Many quilters love to make cuddly quilts using fabric like polar fleece, flannel, or nappy knits like Minky or Shannon fabrics. These sure make a quilt snuggly but can present challenges for longarm quilters because of their loft, stretchiness, nap or grainline. And both the flannel and Minky knit fabrics will leave your sewing room in a cloud of lint and dust. Have your vacuum at the ready and wear a light-colored shirt when you work with these linty fabrics. Otherwise you’ll be pulling tiny specks of lint and dust bunnies off your clothing for weeks!
Each of these fabrics introduces unique properties that may require adjustments to the way you may normally quilt. However, the single common characteristic they all share is some degree of stretchiness.
Minky fabric stretches as much as three inches when pulled across the grain line but is mostly stable alone the lengthwise grain line. However, fleece stretches in both directions. It can stretch over three inches along the lengthwise grain, and as much as five inches or more along the cross grain. That’s why it is a popular fabric for active wear and outer wear. Flannel stretches more across the grain than most woven fabric due to its lower thread count and brushed texture, but it remains stable along the lengthwise grain.
Longarm machine quilters have a dilemma about which way to load this stretchy fabric. Personally I have had the most success by loading these fabrics so that the selvage is perpendicular to the rollers.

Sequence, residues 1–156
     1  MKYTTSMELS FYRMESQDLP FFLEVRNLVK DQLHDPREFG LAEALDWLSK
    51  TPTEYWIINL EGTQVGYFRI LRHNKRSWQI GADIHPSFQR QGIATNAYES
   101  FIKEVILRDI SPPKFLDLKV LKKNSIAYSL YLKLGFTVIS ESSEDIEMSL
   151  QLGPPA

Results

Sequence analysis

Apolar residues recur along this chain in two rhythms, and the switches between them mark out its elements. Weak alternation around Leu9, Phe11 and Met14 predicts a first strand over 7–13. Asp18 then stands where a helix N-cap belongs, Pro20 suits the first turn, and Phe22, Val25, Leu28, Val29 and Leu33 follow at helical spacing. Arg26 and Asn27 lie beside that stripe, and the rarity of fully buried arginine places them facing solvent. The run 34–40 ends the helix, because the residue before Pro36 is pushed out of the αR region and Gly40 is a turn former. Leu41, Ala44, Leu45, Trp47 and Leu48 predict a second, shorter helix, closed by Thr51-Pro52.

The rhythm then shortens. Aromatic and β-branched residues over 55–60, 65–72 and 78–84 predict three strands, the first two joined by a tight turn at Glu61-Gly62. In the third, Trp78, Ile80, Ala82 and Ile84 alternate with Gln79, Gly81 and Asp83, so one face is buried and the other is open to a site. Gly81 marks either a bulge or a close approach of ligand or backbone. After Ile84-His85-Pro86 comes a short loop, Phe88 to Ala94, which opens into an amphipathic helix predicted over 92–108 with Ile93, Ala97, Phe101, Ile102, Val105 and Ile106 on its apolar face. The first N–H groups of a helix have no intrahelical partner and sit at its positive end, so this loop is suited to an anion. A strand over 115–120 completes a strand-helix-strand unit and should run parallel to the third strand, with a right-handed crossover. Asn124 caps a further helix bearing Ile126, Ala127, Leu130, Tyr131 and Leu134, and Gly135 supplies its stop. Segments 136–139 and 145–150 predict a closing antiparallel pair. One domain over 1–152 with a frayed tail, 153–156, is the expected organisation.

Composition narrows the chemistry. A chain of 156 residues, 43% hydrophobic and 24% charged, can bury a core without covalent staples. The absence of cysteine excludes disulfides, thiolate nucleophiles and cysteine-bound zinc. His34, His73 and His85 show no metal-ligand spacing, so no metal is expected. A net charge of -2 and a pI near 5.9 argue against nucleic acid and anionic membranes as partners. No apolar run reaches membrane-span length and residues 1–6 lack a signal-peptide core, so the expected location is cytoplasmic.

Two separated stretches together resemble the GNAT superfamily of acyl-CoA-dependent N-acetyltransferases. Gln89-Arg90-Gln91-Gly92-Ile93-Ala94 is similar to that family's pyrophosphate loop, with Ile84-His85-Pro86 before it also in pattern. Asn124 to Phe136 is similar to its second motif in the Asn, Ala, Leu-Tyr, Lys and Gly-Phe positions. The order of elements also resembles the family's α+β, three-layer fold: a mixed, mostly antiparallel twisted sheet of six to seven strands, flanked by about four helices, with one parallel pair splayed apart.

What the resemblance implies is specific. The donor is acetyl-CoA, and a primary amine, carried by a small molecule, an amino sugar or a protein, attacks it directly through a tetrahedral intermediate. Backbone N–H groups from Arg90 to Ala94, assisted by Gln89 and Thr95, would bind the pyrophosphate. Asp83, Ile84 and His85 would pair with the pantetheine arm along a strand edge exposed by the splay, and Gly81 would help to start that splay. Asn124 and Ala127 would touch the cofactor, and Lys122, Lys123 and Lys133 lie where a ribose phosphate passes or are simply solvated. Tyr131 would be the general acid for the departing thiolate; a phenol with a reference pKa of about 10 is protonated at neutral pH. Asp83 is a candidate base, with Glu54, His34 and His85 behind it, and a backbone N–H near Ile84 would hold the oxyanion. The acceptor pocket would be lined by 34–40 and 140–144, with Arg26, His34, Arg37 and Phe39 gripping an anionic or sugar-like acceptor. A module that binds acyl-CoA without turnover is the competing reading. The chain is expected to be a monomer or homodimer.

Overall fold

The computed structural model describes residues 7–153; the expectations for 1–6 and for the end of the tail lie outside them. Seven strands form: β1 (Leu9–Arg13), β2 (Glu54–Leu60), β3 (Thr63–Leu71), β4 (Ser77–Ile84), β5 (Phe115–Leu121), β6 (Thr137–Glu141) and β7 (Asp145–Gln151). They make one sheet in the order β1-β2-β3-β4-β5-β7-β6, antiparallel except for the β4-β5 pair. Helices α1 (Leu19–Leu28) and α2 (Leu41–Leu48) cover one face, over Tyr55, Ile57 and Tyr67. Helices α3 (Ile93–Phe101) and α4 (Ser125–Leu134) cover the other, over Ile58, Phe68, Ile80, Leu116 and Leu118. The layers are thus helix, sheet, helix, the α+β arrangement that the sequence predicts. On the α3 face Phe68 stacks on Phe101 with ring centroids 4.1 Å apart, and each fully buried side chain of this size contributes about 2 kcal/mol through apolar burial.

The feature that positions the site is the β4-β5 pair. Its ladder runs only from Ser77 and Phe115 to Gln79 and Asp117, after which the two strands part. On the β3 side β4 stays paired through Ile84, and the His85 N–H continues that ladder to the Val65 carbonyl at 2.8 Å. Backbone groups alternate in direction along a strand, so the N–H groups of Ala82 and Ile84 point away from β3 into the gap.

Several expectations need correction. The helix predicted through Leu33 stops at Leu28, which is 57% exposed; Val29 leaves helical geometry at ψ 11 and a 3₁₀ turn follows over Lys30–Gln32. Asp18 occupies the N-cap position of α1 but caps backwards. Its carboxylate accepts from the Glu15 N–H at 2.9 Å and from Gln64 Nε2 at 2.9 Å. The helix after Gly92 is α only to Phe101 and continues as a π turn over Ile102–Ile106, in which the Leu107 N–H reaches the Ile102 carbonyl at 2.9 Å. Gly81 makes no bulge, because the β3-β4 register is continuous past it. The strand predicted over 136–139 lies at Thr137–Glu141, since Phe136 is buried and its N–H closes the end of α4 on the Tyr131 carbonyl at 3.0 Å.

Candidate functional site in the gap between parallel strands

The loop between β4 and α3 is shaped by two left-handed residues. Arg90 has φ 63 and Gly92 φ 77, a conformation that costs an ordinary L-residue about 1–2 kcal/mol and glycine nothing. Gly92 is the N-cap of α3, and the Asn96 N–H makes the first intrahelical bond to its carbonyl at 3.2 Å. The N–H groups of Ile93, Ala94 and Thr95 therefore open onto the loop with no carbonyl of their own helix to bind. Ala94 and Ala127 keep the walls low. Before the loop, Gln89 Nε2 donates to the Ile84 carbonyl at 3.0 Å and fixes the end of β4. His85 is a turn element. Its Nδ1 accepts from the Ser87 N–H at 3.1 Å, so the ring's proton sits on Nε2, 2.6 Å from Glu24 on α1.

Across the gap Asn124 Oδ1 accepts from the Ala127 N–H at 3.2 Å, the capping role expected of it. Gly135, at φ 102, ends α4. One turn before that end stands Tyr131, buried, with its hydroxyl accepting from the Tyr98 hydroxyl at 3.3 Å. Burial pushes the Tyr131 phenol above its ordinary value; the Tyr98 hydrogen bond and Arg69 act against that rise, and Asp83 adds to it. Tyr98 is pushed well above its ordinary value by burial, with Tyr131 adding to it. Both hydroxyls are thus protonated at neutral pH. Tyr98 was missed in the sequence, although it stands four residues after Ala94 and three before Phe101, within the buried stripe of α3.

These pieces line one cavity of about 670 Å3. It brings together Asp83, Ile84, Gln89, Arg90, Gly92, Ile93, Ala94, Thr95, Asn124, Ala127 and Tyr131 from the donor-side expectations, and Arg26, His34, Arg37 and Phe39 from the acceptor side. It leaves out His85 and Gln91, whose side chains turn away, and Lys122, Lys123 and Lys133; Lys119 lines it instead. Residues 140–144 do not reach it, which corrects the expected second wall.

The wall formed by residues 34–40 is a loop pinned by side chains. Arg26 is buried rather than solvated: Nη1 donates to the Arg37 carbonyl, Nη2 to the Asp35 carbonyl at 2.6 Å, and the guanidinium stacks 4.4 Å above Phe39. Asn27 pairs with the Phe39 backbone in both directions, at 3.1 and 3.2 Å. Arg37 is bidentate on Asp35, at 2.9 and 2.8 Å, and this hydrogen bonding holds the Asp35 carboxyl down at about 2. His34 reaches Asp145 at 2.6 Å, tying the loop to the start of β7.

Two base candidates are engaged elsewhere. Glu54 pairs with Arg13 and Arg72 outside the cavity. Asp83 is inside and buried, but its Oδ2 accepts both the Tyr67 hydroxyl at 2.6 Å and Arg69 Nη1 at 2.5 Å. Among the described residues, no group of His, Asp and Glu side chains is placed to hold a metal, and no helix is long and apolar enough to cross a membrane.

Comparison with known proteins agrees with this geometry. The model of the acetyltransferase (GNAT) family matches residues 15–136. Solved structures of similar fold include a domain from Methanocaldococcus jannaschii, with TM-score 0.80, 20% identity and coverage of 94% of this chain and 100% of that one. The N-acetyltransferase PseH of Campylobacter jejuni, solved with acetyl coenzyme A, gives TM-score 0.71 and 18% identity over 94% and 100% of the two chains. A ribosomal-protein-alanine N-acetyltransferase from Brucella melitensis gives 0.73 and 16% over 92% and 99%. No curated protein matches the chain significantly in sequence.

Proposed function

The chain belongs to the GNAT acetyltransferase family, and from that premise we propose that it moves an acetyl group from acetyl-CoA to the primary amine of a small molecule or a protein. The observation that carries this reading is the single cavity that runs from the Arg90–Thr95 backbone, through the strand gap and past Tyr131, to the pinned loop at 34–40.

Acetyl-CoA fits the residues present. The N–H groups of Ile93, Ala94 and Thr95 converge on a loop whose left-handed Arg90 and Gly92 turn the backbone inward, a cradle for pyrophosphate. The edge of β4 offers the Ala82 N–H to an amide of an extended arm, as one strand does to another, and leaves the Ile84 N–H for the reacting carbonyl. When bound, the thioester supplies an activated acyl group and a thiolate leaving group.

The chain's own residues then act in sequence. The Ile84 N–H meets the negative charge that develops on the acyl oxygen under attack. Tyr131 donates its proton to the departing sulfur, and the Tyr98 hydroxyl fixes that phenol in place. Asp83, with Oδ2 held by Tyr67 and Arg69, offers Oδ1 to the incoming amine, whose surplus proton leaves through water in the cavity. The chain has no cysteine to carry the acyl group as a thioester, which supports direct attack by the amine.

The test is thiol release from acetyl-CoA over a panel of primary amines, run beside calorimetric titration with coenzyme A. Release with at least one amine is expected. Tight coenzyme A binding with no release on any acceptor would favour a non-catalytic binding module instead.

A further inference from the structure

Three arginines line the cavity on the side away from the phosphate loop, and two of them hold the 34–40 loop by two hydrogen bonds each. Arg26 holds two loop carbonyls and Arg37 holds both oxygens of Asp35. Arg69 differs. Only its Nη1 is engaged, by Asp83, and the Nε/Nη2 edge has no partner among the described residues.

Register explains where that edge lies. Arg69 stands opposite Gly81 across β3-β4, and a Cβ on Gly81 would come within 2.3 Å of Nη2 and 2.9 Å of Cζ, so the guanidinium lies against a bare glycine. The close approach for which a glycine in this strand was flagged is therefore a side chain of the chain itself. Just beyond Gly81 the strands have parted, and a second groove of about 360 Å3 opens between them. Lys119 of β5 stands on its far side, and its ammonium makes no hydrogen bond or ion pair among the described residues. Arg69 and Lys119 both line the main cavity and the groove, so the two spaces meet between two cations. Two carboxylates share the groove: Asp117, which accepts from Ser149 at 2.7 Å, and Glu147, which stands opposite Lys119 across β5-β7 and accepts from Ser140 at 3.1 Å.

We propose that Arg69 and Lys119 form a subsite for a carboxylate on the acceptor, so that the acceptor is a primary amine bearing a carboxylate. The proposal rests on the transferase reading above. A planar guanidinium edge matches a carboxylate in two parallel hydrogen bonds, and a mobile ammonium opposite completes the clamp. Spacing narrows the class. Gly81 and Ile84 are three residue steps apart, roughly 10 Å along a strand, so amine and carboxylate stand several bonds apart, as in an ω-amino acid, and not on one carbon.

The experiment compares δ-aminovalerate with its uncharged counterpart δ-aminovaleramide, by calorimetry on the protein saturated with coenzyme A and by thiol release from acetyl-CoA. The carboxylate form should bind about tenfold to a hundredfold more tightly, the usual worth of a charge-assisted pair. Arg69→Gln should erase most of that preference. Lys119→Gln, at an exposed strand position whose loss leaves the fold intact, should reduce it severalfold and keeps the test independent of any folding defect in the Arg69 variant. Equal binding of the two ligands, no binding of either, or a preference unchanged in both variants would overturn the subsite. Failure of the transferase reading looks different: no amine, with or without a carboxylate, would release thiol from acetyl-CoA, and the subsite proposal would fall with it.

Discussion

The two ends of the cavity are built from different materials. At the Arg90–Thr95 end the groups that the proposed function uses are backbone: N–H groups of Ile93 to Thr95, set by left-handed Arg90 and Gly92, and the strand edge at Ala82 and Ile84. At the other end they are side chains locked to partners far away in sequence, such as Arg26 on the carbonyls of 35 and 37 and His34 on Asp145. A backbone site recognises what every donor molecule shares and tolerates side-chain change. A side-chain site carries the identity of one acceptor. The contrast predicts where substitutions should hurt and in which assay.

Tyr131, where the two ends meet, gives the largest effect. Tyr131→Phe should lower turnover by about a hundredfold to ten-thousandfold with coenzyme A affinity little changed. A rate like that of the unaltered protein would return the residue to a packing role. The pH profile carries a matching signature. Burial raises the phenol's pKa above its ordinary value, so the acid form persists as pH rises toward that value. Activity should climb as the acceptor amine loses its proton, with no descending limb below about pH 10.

This means that I’m pinning the cut edge of the stretchy fabric to my pick up and backing rollers, and the selvedge edges are actually parallel to the side legs on my quilting frame. Remember that the lengthwise grain on fabrics stretches the least. Loading these stretchy fabrics this way means that they will NOT stretch much from roller to roller. That is key to keeping the quilt as flat as possible and to reduce the risk of bubbles and puckers.
Another issue that longarm quilters must address is how to properly adjust the side clamps on your quilting frame. With stretchy fabric, even the lightest weight clamp can distort the edges of your backing.
If you have that issue, simply reverse the clamp and grab the loose elastic end. Pin that to the edge of the backing instead of using the clamp as you see in this photo.
Adjust the pressure as you normally would. You can still pull too tightly with this trick, but it will eliminate the weight of the clamp as a variable, and it is especially helpful if your quilt is small but your frame is very long!
For all of these unique fabric types, it’s good to make a test sandwich so that you can check your tension, adjust the pressure of your foot if needed, and find the appropriate stitch length. You should also quilt the test sandwich with the same density of quilting you intend to use for your main project to make sure the fabric still handles and drapes the way you want it to. Larger, more open quilting will help keep the quilt soft and cuddly.
These fabrics will typically look better with a longer stitch length of about 10 stitches per inch or so.
This keeps the nap from matting down and also helps reduce puckering that a shorter stitch length can cause. On fleece and Minky you may also find that polyester thread gives you better results than cotton since it is smoother and will glide through the fabrics better, reducing breakage and missed or skipped stitches.
If you haven’t ever tried one of these specialty fabrics before, keep an eye on the remnant bin at your local quilt shop and pick up a few pieces to try. Just two small swatches can make a cuddly car seat blanket for somebody’s bundle of joy, and you can gain some experience while wrapping a little one in warmth and love!